'Urgent need' for NHS Tayside to set out financial plans

06 December 2018 Share this LinkedIn
2017/18 audit of NHS Tayside

Urgent action is needed to address NHS Tayside's financial position amid ongoing changes to the make-up of its leadership team, says the Auditor General.

Caroline Gardner's fourth consecutive report on the health board notes its worsening financial position and significant challenges to meeting its financial and performance targets.

Service redesign is critical to reducing Tayside's expensive operating model and high staff costs, says Ms Gardner. But she found little evidence that the situation has improved.

NHS Tayside has needed £50.2m of Scottish Government loans since 2012/13, £45.9 million of which has not been repaid. A further £12.7 million of brokerage was received in 2017/18, and the Auditor General says more will be required.

The board's poor financial position has been compounded by the mismanagement of eHealth and endowment fund monies in previous years.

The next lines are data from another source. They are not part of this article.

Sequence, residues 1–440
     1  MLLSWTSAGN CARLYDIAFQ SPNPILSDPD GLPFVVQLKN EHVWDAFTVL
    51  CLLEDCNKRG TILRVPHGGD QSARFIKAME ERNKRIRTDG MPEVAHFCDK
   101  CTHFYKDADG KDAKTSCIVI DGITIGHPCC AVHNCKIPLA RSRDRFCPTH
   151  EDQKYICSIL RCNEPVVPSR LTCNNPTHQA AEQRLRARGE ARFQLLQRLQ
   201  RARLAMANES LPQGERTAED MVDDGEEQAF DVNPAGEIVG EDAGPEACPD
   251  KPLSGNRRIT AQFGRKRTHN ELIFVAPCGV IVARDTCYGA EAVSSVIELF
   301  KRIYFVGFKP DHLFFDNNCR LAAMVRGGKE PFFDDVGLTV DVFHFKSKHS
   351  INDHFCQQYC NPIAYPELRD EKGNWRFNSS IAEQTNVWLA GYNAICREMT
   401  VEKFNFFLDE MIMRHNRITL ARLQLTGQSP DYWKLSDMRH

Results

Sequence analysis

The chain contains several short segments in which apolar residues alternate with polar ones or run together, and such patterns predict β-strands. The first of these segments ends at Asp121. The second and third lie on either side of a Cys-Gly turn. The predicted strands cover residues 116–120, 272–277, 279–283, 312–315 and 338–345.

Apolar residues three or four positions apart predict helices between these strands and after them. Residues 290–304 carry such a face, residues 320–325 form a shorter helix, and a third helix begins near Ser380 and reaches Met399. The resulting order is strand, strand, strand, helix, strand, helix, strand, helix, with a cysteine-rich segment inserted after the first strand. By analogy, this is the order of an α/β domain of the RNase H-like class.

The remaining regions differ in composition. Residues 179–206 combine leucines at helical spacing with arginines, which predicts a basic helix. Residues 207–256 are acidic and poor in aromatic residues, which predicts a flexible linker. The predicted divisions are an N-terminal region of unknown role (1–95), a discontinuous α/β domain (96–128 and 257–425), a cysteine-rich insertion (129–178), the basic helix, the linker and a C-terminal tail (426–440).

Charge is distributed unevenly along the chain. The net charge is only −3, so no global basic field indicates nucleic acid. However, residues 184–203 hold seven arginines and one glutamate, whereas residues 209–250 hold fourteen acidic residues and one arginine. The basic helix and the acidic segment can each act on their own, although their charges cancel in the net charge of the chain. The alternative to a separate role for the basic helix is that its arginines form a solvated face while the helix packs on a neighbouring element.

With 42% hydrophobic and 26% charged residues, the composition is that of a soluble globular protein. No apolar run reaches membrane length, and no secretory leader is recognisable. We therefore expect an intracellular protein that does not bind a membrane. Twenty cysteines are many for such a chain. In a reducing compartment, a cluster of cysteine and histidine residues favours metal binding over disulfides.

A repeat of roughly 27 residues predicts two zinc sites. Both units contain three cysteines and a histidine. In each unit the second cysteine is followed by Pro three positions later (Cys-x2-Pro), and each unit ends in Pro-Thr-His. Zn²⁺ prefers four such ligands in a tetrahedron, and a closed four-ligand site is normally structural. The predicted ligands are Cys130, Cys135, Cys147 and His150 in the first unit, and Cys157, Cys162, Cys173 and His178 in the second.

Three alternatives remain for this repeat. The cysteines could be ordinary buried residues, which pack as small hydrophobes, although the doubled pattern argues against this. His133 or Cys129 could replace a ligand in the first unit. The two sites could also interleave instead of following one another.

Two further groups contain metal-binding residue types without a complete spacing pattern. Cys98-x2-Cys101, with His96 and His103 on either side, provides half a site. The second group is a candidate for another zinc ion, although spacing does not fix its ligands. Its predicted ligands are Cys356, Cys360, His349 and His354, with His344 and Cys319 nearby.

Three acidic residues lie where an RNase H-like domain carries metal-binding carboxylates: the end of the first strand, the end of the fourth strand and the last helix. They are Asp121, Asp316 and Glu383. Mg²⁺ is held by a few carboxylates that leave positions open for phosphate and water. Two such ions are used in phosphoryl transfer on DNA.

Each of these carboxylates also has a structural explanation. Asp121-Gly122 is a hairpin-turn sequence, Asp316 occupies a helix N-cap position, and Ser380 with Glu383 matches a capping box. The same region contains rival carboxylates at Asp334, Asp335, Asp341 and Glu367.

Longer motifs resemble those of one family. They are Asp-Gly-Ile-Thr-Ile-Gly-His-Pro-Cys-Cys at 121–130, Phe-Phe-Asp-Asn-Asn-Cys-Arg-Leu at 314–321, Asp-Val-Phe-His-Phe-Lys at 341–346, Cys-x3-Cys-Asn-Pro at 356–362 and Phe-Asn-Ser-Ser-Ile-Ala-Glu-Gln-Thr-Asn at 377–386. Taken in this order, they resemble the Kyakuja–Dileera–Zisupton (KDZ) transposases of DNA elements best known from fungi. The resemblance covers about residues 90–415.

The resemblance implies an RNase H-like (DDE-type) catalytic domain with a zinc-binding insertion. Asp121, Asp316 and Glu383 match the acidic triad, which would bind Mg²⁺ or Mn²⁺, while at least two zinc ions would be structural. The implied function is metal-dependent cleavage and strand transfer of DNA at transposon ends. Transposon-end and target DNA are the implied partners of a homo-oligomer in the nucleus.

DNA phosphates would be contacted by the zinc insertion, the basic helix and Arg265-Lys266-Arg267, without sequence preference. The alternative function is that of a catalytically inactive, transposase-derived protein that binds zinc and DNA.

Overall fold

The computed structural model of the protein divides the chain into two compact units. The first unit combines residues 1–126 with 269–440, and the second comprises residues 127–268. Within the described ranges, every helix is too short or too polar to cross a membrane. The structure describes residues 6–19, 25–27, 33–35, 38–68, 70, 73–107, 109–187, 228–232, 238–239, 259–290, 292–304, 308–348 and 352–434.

And its performance is also deteriorating. Just seven national standards out of 20 were met or exceeded this year, compared to nine in 2016/17.

Meanwhile, the board continues to face significant leadership challenges. A new Chief Executive has been appointed - the third person to hold the top post in the space of a year. And a recruitment exercise is underway to appoint a new health board Chair before the end of the 2018/19 financial year.

Ms Gardner's report also notes a number of mistakes relating to the departure of Tayside's former Chief Executive, who left the organisation in July with a £90k settlement package.

Ms Gardner said:

"NHS Tayside financial position has been unsustainable since 2013 and urgent action is needed to turn around the organisation.

"The Cabinet Secretary's announcement that all outstanding loans will be written-off at the end of 2018-19 reduces the pressure on Tayside to make repayments. But it does not address the underlying financial problems.

"Changing the ways services are delivered will be critical in reducing NHS Tayside's operating model and comparatively high staff costs.

"However, to date there is limited evidence of this happening, increasing the need for effective leadership to drive home the board's plans for change."